Accurate lead time calculations help you order the right amount of raw materials for your warehouse, a costly process that can take up valuable real estate if you order too much. On the flip side, you also want to have enough stock on hand to fulfill your orders. That balance of inventory is why calculating lead time is critical.
There are some terms to understand when calculating lead time such as supply delay and reordering delay. Supply delay is how long your supplier takes to fulfill a customer order after it’s placed. A reordering delay is the time between the fulfilled order and the placement of the next order.
Lead Time Formula
There isn’t one way to calculate lead time, but the most common is to subtract the order request date from the order delivery date.
Lead Time (LT) = Order Delivery Date – Order Request Date
When dealing with inventory management, you’ll include the supply delay and the reordering delay. To calculate lead time in this instance, add the supply delay to the reordering delay.
Lead Time (LT) = Supply Delay (SD) + Reordering Delay (RD)
Lead Time in Manufacturing
The term lead time can refer to slightly different things across these various industries. For example, in manufacturing, lead time is the sourcing and preparation of raw materials to the manufacturing of them into a finished product that can be distributed.
In other words, your lead time is how long it takes to process, prepare materials, manufacture and deliver your order. To calculate this metric, you’d add preprocessing, processing and post-processing data to get your lead time.
Manufacturing lead time is made up of material lead time, which is the time it takes to deliver materials to the manufacturer. Production lead time is how long it takes from the point of getting materials to producing a finished product. Customer lead time is the period of moving the finished products from the manufacturer to the customer.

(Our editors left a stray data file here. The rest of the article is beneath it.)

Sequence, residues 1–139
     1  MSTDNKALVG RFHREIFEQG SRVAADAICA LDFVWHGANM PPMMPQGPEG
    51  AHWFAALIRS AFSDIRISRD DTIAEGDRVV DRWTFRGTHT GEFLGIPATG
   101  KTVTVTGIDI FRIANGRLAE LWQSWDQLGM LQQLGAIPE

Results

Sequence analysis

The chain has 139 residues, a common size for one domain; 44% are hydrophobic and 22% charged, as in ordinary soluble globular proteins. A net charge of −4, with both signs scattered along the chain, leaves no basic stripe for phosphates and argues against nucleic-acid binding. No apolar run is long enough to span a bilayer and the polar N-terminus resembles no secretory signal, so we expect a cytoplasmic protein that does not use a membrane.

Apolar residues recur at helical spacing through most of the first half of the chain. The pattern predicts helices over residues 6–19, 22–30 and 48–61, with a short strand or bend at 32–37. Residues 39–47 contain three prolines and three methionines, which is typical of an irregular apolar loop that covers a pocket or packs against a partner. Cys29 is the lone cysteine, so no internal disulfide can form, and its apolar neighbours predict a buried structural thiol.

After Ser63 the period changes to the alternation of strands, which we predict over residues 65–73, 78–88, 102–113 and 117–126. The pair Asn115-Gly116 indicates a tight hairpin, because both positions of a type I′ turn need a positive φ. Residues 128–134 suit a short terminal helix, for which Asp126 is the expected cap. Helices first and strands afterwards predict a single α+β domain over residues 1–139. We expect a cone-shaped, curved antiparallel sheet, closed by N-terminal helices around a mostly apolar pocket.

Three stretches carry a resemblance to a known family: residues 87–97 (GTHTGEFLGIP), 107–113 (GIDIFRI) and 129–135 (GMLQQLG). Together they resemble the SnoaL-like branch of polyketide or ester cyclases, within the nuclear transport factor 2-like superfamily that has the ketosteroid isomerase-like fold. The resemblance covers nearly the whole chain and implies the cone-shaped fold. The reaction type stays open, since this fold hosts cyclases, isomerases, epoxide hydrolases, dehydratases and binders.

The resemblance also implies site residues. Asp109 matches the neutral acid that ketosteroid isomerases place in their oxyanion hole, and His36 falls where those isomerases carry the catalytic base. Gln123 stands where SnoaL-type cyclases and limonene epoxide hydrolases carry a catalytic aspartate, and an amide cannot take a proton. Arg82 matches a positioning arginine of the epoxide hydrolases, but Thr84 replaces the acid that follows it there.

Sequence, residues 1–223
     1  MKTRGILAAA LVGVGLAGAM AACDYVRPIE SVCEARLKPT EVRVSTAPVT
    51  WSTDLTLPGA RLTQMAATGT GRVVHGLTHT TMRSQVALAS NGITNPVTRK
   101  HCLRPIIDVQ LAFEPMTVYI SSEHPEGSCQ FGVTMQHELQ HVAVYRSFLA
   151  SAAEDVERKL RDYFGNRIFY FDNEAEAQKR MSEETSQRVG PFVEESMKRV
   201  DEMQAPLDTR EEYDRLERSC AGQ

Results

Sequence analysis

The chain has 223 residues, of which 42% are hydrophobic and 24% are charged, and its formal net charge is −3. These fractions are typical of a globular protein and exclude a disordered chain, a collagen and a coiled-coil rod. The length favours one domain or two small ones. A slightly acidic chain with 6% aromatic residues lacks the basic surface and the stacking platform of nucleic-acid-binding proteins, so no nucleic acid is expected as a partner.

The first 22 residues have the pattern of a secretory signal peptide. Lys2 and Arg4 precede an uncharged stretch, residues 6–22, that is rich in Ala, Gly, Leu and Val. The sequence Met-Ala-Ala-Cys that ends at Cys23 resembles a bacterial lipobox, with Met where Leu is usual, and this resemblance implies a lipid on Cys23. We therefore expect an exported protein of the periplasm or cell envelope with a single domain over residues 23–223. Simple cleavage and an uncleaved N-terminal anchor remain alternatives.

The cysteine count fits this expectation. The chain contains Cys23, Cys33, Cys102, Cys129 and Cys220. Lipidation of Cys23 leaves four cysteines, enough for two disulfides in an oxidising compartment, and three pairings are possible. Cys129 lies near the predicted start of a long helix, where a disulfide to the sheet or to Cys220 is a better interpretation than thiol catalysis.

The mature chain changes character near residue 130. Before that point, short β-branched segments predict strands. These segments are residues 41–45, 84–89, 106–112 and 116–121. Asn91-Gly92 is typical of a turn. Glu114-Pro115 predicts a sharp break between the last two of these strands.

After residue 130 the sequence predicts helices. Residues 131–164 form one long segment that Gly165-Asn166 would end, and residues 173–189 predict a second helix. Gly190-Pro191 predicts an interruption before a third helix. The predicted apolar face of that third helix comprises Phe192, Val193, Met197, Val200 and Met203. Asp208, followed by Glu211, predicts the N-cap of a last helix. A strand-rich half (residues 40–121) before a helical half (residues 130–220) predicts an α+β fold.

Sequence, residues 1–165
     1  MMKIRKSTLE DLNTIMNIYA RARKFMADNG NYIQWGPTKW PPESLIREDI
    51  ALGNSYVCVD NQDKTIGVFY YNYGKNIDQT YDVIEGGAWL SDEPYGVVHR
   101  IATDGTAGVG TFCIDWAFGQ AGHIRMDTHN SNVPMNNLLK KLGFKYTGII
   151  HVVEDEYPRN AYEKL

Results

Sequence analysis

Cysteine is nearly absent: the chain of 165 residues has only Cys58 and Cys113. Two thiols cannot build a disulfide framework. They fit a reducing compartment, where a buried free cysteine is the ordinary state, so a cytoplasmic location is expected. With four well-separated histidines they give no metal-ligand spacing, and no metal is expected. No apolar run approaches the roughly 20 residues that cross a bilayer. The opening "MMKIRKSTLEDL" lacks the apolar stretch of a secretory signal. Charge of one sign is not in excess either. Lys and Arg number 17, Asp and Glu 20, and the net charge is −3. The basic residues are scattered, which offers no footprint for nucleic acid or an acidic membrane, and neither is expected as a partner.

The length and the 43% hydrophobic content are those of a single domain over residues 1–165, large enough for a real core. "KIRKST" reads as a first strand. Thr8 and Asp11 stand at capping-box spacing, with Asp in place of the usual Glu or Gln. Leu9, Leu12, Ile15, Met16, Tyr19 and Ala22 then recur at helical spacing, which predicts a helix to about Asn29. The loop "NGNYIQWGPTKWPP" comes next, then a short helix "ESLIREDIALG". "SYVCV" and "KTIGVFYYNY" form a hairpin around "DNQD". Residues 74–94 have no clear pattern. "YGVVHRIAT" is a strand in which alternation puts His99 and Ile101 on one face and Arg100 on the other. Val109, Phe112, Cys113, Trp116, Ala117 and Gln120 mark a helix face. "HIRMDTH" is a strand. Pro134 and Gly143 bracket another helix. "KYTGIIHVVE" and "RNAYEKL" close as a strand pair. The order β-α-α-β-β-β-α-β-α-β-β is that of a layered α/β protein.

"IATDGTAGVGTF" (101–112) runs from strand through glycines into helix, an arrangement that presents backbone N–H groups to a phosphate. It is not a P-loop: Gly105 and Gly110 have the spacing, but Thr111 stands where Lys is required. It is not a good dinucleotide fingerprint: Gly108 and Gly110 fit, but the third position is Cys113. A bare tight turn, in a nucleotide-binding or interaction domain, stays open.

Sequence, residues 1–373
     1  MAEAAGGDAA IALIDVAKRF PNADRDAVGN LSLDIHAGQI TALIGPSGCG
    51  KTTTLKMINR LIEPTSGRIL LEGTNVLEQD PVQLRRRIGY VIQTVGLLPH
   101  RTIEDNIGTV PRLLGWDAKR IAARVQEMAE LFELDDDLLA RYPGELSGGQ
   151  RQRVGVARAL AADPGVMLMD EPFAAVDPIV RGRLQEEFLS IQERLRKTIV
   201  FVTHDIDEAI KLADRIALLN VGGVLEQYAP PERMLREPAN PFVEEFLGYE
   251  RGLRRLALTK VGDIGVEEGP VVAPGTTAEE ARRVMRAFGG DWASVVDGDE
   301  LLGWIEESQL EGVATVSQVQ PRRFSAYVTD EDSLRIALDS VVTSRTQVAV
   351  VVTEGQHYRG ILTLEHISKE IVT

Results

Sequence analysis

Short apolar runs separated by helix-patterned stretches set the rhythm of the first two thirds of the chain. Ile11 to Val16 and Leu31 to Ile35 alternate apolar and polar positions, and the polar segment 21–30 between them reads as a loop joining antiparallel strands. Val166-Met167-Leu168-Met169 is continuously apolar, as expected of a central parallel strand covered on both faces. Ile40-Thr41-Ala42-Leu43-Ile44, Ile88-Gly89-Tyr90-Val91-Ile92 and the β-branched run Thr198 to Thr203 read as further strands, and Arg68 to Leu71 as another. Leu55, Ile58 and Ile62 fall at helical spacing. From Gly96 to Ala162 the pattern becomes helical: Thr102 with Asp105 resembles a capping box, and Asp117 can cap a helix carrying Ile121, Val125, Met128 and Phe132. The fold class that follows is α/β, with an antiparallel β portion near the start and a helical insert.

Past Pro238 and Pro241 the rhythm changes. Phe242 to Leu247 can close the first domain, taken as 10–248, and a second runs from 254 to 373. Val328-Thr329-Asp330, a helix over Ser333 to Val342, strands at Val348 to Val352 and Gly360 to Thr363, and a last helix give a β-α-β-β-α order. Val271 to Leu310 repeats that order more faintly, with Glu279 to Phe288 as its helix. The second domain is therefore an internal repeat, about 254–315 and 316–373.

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Lead Time in Project Management
Lead time in project management occurs when one activity begins as another is being executed. It’s also called working in parallel. Lead time can also refer to task dependencies, such as finish-to-start relationships, where one task must be complete before the next can begin. This is different than lag time in project management, which is the amount of time that must pass before another task can begin. Lag is also part of task dependencies and it can occur in all four task dependencies: finish-to-start, start-to-start, finish-to-finish and start-to-finish.
But both lead and lag time is used when creating a project schedule. It helps project managers sequence their activities and tasks in order to meet the project deadline. An easy way to remember these terms is that lag is holding-up time and lead is hurrying-up time.
Lead Time in Supply Chains
Similar to manufacturing, the supply chain lead time is the length of time it takes from generating a purchase order to delivering that item. And as in manufacturing, each part of that supply chain lead time has its own lead time:
- Material lead time is the time it takes for raw materials to be delivered to the factory.
- Production lead time is how long it takes the factory to get an order through production and deliver the finished goods.